Reading Group Guide
1. The book is narrated by four voices: Kate Philo, Jeremiah Rice, Daniel Dixon, and Erastus Carthage. What do these alternating viewpoints bring to the story? What do we learn about each of these characters’ motivations and who they are?
2. Describe each of the four main characters. Would you call Erastus ethical? What about Kate? Do you think Daniel’s behavior is fairly typical for a journalist? Would the Lazarus Project have been better served with a different media voice? How might they have made it more successful in the eyes of the public?
3. Think about Kate Why is she a scientist? What rewards does science offer her? Talk about her relationship with her sister. Why does she defy her sister’s challenge for prestige? At the end of the book, is Kate’s choice a step down, or has she finally found the right place for herself? Is she content, or do you think she’s happy? Will she ever find happiness?
4. Talk about the relationship between Kate and Jeremiah. What attracts them to each other? What do they each learn from the other --- about themselves and about life? Do you agree with Kate’s actions? Should she have left Jeremiah in the lab? How might the outcome of the story been different if she had? She and Jeremiah never consummated their love. Should they have? Is love complete without sex?
5. How does curiosity propel Kate, Erastus, Daniel, and Jeremiah? How much were they driven by curiosity and how much by ambition? Curiosity has led to numerous breakthroughs in human history. Yet can curiosity be a negative influence as well? Explain.
6. Compare the Lazarus Project experiments with those conducted by the early scientists who helped inspire Mary Shelley’s classic novel, Frankenstein. Early experiments in the study of anatomy --- cutting up bodies, and studying them --- were considered to be abominable acts. Though we live in the twenty-first century, are we that different in our attitudes to our ancestors?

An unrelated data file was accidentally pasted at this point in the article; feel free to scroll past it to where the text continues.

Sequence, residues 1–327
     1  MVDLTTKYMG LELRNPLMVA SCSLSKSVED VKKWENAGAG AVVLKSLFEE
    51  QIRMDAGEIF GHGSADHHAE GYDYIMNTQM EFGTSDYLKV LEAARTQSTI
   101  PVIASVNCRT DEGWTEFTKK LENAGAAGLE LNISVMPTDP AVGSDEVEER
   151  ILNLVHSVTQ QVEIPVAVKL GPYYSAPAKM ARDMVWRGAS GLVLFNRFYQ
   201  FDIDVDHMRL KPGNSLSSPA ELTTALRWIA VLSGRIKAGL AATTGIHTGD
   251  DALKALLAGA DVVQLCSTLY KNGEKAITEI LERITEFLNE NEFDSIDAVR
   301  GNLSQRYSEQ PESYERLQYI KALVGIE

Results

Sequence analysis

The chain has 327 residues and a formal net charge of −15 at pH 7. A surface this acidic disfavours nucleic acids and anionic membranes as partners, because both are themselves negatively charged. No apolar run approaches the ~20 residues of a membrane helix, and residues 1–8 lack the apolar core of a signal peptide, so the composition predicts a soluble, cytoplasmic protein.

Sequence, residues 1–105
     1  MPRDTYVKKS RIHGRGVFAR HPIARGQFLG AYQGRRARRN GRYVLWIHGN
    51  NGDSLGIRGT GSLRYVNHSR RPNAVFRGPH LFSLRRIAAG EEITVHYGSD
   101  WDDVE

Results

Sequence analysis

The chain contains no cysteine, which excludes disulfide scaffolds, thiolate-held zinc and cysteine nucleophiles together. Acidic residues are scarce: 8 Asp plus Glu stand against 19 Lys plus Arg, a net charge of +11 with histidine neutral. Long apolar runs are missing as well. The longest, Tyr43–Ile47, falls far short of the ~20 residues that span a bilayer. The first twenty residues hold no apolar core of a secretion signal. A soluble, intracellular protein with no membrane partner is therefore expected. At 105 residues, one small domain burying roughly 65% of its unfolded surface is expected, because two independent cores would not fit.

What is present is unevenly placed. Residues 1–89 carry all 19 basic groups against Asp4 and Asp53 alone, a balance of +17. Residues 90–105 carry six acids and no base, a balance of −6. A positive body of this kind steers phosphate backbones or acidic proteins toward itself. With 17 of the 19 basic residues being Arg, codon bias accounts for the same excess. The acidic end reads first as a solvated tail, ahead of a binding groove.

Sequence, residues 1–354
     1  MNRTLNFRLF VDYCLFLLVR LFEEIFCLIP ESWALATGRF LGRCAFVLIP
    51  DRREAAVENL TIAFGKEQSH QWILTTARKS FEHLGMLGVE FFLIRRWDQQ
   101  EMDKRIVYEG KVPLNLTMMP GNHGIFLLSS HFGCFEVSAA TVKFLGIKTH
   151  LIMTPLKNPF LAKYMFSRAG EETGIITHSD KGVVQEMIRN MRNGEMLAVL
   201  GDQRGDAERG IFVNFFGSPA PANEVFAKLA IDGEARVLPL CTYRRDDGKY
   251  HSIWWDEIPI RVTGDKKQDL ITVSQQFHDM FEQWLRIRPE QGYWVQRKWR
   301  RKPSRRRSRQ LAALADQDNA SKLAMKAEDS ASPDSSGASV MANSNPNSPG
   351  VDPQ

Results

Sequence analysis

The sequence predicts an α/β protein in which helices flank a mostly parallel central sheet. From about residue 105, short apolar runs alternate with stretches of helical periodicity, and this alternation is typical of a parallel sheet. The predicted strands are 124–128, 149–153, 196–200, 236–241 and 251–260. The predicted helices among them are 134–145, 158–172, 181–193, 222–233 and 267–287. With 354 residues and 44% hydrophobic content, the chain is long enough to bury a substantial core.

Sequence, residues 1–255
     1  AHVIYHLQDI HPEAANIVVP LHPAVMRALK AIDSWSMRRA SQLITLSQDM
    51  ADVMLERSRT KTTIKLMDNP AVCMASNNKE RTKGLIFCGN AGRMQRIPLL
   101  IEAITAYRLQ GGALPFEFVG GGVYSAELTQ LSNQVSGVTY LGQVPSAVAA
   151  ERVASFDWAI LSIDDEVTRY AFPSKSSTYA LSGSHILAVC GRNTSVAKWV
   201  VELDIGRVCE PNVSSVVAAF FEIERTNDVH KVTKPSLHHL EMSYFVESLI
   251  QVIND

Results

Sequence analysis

7. When he first awakens, what are Jeremiah’s assessments of modern Americans? Is there truth in his observations? Did any of his insights particularly resonate with you? What might he have missed --- what would you have shown him or introduced him to? If you have not seen your hometown for a long time, how might you react to visiting it once again?
8. What does being reborn offer Jeremiah? What is it about Kate that makes him trust her from the moment he is sentient?
9. Contrast Jeremiah’s life a century ago with his new life today. What have we as a society lost from his time, and what have we gained? Where does the author stand, in your opinion?
10. Pretend that you are Jeremiah. How would you see the world around you? Describe what you see? Would you be excited? Terrified? Eager to explore and conquer?
11. How is he treated in the lab? Is he like a zoo animal on display? Why doesn’t Erastus treat him better? Early in the novel, Erastus says that, “once the discovery occurs, science is mostly theater.” Explain how science is “theater.” Do you agree with his thinking?
12. If it were possible to reanimate life, should we? What are the ethical questions involved in doing so? If you are a religious believer, are these scientists replacing God? Were the protestors justified in their actions? What might Erastus have done to neutralize their influence? A staff physician with the project comments that “what we do today will render the creation myth obsolete.” Is he correct?
13. The first protestors carry signs that say, “Respect the Dead.” What does it mean to respect the dead? How far should we take this --- ban scientific research with corpses? Outlaw cremation?
14. Carthage believes his project is not only changing our definition of mortality, but that it is “saving humanity.” What is the rational for his thinking? Imagine a world where no one dies. What kind of place would it be? If you could be brought back from the dead would you want to be?
15. Explain the book’s title. Do you think it is fitting for the story?